After 25 years of gradual evolution, we're unlikely to see any sort of revolutionary change from EA Sports' footie franchise – but FIFA 19 definitely nails the atmosphere of the beautiful game like never before. That's thanks in large part to the newly-acquired Champions League license and all the familiar elements and polish that come along with that.
Elsewhere, FIFA 19 shows solid enhancement from the last edition, including less-frantic gameplay, even better passing, and new depth to attacking play. Online battles can still be a bit overly frenetic, but overall there's still no better representation of football today. Soak it in.
Gears of War 4
Halo 5: Guardians might not have been the most rousing Xbox One return for one of Microsoft's flagship shooter series, but that's not a problem with Gears of War 4. It's the same old song and dance, for the most part, albeit with an incredible level of polish and pure, dumb fun.
Gears 4 picks up 25 years after the last numbered entry, as new hero JD Fenix continues where dad Marcus left off, wielding the chainsaw-bladed Lancer for the future of mankind. Frantic stop-and-pop shooting paired with dazzling graphics help this old favourite feel fresh again.
Celeste looks like a long-lost Super Nintendo game pulled from some vault in 2018, but in truth, this new indie game has been hailed by many as a modern masterpiece.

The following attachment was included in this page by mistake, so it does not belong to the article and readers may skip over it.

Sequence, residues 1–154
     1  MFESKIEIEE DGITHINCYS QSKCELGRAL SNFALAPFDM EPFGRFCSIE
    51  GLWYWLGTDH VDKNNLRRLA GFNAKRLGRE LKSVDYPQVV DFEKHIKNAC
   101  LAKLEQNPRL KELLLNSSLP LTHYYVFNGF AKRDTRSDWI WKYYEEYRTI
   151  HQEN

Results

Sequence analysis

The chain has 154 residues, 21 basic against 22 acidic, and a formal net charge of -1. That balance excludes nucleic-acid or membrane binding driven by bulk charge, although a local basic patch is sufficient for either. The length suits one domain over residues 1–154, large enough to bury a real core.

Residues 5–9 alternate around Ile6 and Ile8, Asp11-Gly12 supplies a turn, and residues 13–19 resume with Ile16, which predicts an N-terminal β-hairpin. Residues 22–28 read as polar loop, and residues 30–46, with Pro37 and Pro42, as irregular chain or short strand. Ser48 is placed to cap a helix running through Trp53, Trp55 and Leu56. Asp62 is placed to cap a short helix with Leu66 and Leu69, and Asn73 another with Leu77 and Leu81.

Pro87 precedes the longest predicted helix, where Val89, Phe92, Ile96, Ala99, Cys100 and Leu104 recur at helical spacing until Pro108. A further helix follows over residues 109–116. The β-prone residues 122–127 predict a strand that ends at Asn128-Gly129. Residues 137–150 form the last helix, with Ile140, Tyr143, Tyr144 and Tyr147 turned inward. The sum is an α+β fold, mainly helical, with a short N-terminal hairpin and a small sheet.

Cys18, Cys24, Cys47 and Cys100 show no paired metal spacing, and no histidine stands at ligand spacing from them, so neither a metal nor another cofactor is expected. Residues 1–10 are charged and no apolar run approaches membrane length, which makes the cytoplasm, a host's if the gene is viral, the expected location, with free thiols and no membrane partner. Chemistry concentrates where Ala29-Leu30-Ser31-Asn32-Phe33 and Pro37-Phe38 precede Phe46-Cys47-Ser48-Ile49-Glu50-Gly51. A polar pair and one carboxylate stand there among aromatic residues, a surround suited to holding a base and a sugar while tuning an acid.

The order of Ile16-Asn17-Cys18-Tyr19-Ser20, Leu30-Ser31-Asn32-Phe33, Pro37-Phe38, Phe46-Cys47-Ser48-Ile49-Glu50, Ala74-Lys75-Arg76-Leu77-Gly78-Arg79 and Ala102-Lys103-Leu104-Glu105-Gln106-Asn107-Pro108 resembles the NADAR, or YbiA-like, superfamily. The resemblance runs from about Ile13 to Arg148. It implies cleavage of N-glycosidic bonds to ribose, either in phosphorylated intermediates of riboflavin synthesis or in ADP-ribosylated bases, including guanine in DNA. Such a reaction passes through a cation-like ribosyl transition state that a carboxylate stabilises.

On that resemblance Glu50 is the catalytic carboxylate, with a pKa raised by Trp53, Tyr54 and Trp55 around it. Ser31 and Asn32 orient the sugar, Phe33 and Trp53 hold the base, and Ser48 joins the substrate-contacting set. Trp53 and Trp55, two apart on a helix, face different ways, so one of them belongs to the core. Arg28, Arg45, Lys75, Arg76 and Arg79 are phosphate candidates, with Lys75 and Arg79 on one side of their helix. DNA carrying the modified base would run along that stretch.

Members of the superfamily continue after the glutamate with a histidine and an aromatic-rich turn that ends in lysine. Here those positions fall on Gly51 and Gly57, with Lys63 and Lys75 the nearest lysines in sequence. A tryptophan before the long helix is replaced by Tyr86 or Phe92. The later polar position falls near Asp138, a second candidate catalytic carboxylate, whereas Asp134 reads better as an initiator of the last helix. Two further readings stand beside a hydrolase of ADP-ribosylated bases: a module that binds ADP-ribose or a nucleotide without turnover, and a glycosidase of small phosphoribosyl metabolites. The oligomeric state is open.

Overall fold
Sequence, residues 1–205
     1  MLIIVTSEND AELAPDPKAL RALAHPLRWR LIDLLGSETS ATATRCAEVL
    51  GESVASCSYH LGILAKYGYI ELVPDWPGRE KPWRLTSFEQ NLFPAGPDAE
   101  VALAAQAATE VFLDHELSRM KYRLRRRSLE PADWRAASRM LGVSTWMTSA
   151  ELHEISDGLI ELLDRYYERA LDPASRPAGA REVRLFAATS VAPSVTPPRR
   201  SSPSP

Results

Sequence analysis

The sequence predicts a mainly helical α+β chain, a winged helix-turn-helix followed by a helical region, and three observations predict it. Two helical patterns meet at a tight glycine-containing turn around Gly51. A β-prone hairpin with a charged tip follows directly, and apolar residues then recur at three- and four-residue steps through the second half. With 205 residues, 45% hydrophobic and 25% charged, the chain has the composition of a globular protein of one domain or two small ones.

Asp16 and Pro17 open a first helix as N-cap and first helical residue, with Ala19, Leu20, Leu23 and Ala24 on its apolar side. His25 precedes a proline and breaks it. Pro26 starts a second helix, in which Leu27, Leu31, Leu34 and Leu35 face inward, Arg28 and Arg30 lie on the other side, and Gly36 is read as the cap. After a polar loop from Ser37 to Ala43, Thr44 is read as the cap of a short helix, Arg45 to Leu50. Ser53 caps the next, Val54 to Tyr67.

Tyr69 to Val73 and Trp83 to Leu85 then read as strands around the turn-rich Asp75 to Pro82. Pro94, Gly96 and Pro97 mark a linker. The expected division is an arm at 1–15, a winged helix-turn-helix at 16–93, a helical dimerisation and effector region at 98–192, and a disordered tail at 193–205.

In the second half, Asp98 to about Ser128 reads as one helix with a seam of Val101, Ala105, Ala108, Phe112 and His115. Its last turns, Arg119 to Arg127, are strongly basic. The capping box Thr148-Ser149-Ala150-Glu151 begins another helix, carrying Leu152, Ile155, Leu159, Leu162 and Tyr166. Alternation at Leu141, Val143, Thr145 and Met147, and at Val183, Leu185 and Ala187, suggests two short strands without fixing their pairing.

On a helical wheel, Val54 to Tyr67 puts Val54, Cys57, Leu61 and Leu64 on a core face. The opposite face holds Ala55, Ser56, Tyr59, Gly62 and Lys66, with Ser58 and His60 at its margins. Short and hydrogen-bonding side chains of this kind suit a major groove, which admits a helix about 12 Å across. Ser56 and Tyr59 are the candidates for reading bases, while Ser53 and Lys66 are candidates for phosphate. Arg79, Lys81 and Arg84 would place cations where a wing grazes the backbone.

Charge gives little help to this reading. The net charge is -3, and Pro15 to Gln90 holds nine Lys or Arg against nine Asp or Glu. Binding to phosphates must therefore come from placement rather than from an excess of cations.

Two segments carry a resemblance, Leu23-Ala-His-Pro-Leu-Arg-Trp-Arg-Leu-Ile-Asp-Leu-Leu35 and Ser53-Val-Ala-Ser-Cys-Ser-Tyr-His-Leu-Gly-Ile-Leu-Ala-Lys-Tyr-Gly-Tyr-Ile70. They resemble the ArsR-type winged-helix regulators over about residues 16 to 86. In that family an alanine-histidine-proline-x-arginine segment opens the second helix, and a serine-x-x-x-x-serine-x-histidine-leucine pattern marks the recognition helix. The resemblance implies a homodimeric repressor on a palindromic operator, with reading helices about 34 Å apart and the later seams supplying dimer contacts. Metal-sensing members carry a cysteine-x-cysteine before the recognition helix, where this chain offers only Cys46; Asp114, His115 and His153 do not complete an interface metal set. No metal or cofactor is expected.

Madeline is the small sprite heroine, and she's attempting to climb the treacherous Celeste Mountain while also battling depression and anxiety, which manifest themselves in the emotional dialogue and even mission design. That gives a relatable edge to the quest, but Celeste also soars on the back of its pitch-perfect platforming, which is tough but designed to drop you back into the action immediately so that you can learn from your mistakes.
Don't make the mistake of overlooking one of the Xbox One's best digital picks.
You'll find a couple of other awesome side-scrolling games on this list, as the Xbox One hosts throwbacks just as well as big, 3D, AAA endeavours – but Dead Cells might be the best of 'em.
Dead Cells looks like a glossier old-school gem, but the chaotic combat takes its influence straight from the Dark Souls series – so it's challenging and requires precision, but is also immensely satisfying. This roguelike game punishes with permanent death, forcing you to start your prison escape all over again each time, but gradual upgrades and enhancements hold over between attempts, making you better and better over the long haul.